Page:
JENNY BROCKIE:  In your 60's? 

DEB:  No, I always told my daughter that I wanted lots of grandchildren but I never, ever thought for a moment that I was going to be bringing them up. I might have asked her to stop at one. 

JENNY BROCKIE:  Are you more or less tough on them than you were on your daughter, do you think? 

DEB:  More tough, yeah. 

JENNY BROCKIE:  Why? 

DEB:  Mainly because it is, prevents chaos. For example, if I set very strict boundaries it's easier for me to manage three children as opposed to one.

JENNY BROCKIE:  Elizabeth, do you ever clash with your children about what's best for your grandchildren? 

ELIZABETH:  Not really. I mean they set the standards of what they, what their children sort of, I mean they'll say things like now don't give them too much sweets, don't give them this, don't give them that, but then they accept the fact that I will give in to them in moderation. I remember little Lucas when he was little, I mean my daughter said don't give him too much chocolate and my husband is a lot weaker than I am so he'd go up to him and he'd say Nonno, can I have just a little bit of chocolate?  So I must admit, they will tell me but they don't clash with me if I do it, as long as I don't do it all the time. They, you know, they know that we're grandparents, we have to spoil them a certain amount of time but it's more the discipline side I get strict with.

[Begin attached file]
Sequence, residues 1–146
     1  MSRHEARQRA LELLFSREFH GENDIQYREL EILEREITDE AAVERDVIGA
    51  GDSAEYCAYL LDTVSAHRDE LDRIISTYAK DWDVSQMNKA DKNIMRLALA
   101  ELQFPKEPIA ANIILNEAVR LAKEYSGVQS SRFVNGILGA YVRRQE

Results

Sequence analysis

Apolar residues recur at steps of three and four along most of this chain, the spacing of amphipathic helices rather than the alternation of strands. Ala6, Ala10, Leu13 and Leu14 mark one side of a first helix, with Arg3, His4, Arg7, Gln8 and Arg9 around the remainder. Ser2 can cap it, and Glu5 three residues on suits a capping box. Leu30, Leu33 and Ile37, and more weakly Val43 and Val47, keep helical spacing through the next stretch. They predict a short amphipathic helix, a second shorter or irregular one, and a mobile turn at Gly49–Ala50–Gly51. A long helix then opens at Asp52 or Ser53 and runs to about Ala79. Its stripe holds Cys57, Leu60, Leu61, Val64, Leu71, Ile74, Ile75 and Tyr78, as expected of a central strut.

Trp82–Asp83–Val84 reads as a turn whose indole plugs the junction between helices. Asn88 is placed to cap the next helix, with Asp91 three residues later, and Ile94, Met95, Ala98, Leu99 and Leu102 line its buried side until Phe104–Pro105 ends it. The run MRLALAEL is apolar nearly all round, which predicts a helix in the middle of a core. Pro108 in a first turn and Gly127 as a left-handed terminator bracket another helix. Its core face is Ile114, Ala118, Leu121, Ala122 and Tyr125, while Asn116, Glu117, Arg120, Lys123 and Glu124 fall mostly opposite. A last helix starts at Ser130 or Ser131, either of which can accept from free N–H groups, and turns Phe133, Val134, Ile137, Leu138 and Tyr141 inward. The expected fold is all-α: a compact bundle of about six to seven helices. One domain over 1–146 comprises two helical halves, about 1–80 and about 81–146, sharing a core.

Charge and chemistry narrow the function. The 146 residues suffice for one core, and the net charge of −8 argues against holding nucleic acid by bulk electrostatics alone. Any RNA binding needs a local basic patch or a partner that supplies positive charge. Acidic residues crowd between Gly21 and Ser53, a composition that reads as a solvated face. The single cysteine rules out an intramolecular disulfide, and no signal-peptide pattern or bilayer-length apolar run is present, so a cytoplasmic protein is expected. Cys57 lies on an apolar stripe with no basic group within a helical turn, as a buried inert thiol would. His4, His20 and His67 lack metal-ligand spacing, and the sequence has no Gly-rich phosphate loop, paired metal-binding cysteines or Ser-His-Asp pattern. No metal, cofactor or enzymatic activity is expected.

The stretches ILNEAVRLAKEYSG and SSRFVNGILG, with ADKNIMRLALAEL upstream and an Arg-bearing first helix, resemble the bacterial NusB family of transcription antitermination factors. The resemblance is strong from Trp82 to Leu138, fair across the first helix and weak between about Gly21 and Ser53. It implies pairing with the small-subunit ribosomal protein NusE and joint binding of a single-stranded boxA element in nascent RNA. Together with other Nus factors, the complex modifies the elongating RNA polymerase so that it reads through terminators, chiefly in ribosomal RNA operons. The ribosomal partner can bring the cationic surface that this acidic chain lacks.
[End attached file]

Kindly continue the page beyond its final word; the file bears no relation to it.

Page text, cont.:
JENNY BROCKIE:  How? 

ELIZABETH:  With discipline I like them to grow up knowing the right and wrong. Whereas my husband lets them get away with whatever they want so I have to be one when we're both there to say just, yes and no to certain things they do.

JENNY BROCKIE:  Navya, are there things that your grandparents let you do that mum and dad don't? 

NAVYA: Yeah. 

JENNY BROCKIE:  Yeah? What sort of things? 

NAVYA: Like I went to a shopping mall once and my mum told me not to get anything but I still got a lot of things. 

JENNY BROCKIE:  Ah, ah, so mum told you before you went to the shopping mall?  Not to get anything. So how did you manage to get something, or lots of things? 

NAVYA: Well, um, because Christmas was coming up soon so I just said that could be a Christmas present. 

JENNY BROCKIE:  Okay. So how do mum and dad react when you come home with lots of things? 

NAVYA: They start yelling at me.